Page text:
Words, music, and films are all content experiences that we’ve come to know just as much by their containers as by their substance. I might say I watched a movie, or screened a film, or caught a flick, each of which may actually mean that I streamed a video from Netflix with my tablet while lying on my bed at home. The particular words I use—which all hark back to the distant past of motion pictures—still convey meaning today, even though we’ve mostly forgotten the film we translated into bits. Of course, the same thing can be said for many other forms of content. Books are no longer always bound volumes of printed paper, nor are records packaged discs. Content has undergone an evolution from the physical to the invisible, from contained to portable.
Containers haven’t exactly gone away, though. Think about it: What do our digital files—our MP3s, MPEGs, ePubs, etc.—actually look like? I don’t think we see them for what they truly are, a matrix of cascading ones and zeros. I think we probably just picture the latest containers we use—the interfaces of software applications like iTunes, YouTube, and whatever e-book reader you prefer. Though we probably already take this for granted, these containers are actually rather conceptually complex. If you’ve ever spent hours copying your CD collection onto your computer, you’ll know what I mean: One day music that used to take up space in your living room just disappeared, and yet it now could be with you at home, at work, and even on your morning jog. Today’s containers, more than ever before, consolidate the content, the container, and the context. They bend and shape to our needs; sometimes they are the album, sometimes the player. They are the visual layer we’ve made to help us see the unseen.
Yet when we see our content collected on-screen, it suggests a struggle to move forward into uncharted visual territory. The design of our containers tends toward the trompe l’oeil, interfaces modeled after the jukeboxes, consoles, and shelves in which we housed our content before it shed its body for the cloud. Many of these interfaces are stunning, but they’re the products of nostalgia. One day, maybe sooner than we’ve imagined, the average consumer won’t remember the containers of the past. The few remaining jukeboxes, found in the corners of throwback restaurants, will elicit comparisons to iTunes’s Cover Flow rather than the other way around. Perhaps, rather than any practical sense of what is easiest to use, nostalgia drives our anachronistic design. Or maybe our fear of that unknown, unstructured cloud into which we’re transferring our lives is what is holding our imaginations at bay.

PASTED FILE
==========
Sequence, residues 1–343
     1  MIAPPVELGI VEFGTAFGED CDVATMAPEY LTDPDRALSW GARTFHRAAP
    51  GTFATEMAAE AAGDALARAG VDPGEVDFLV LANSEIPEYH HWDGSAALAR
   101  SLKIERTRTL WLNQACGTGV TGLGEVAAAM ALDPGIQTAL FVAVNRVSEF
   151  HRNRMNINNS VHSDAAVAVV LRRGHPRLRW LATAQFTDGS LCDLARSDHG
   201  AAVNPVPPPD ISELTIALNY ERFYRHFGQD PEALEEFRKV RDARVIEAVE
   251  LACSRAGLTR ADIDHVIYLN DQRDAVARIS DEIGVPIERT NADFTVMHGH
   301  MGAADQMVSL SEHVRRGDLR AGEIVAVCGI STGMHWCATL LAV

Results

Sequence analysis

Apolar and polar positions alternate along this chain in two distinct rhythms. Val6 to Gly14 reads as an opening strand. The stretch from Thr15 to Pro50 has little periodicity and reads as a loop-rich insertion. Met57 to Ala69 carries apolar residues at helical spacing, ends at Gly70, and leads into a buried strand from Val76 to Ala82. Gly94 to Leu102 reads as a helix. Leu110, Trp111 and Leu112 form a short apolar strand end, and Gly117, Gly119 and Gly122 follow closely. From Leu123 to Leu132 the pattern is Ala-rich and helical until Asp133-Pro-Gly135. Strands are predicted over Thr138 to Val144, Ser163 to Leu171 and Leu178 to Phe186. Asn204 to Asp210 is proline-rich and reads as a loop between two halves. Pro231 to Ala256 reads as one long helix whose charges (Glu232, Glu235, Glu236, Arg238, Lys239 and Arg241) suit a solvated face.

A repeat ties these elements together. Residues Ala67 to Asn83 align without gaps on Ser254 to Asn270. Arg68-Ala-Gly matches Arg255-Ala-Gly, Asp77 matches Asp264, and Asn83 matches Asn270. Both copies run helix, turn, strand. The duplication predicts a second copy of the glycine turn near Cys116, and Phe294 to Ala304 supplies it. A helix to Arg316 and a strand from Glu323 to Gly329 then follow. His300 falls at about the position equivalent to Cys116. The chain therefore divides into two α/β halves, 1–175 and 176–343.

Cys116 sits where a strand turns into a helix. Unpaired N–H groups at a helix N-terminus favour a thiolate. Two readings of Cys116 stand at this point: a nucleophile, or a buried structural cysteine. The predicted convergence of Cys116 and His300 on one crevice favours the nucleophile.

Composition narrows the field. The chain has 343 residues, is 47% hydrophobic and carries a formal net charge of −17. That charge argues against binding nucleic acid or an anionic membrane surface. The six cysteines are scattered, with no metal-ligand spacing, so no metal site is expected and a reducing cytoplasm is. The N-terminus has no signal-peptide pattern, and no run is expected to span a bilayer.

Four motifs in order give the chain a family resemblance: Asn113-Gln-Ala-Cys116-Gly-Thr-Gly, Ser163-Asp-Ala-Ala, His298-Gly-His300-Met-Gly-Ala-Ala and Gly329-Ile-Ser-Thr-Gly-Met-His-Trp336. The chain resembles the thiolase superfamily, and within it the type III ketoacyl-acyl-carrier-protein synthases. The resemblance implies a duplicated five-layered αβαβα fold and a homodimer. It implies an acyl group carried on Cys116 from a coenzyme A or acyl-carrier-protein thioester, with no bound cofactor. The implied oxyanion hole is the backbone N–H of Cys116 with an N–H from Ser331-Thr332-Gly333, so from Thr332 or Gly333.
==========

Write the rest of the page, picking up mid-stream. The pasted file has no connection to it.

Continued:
Though it may seem overblown, the psychology of our design is worth probing. The more we are able to push and pull content in and out of the cloud, the more it seems that the content itself lacks an inherent visual identity. In tangible terms, that means that a book, though painstakingly designed inside and out, may carry none of its visual properties with it when it’s rendered on a Kindle. It’s not just books. Many applications that began as tools to liberate online content from the surrounding noise of advertisements have lately taken one step further in stripping away almost all the visual accoutrements we expect to see on a website. This has ostensibly been a courtesy to readers, to enable them to focus their attention on written content, but at a cost to design. When the designer Jeffrey Zeldman recently referred to Arc90’s Readability 2.0 application as “disruptive,” this was, in part, what he had in mind. The responsive-design movement has begun to broaden our thinking to include how content visually adapts to its context, whether that’s a desktop, a cell phone, or something else. But that level of control ends when the content is completely stripped, as it is with apps like Readability. If content has no inherent design, what then for designers? I’m not ready to answer, nor am I ready to concede that the question is relevant to all forms of content, but the vulnerability exposed by this trend is very real.
For now, I’m not at all convinced that the printed book, nor any other example of content gone digital, is obsolete. Kevin Kelly recently wrote that there are no extinct technologies, one of the many insights in his book, What Technology Wants (Viking, 2010). He is certainly right about that; new technologies tend to create feedback loops that influence their predecessors more often than they render them completely obsolete. Just as a jukebox now calls to mind Apple as much as a sock hop, so, too, will other design relationships reverse. The more that digital becomes the native format of content, the more its influence will be apparent on analog contents. (That is, so long as they survive.) At the moment, there is a strong interest in exploring digitally influenced analog media. Print-on-demand books, limited-release vinyl records, and customized novelty newspapers are all evidence of the reversal of the natural order of things. They also present opportunities for designers to rethink the creative conventions of forms in flux. That’s the good news: There is still designing to be done, design that should look quite familiar, even to old hands.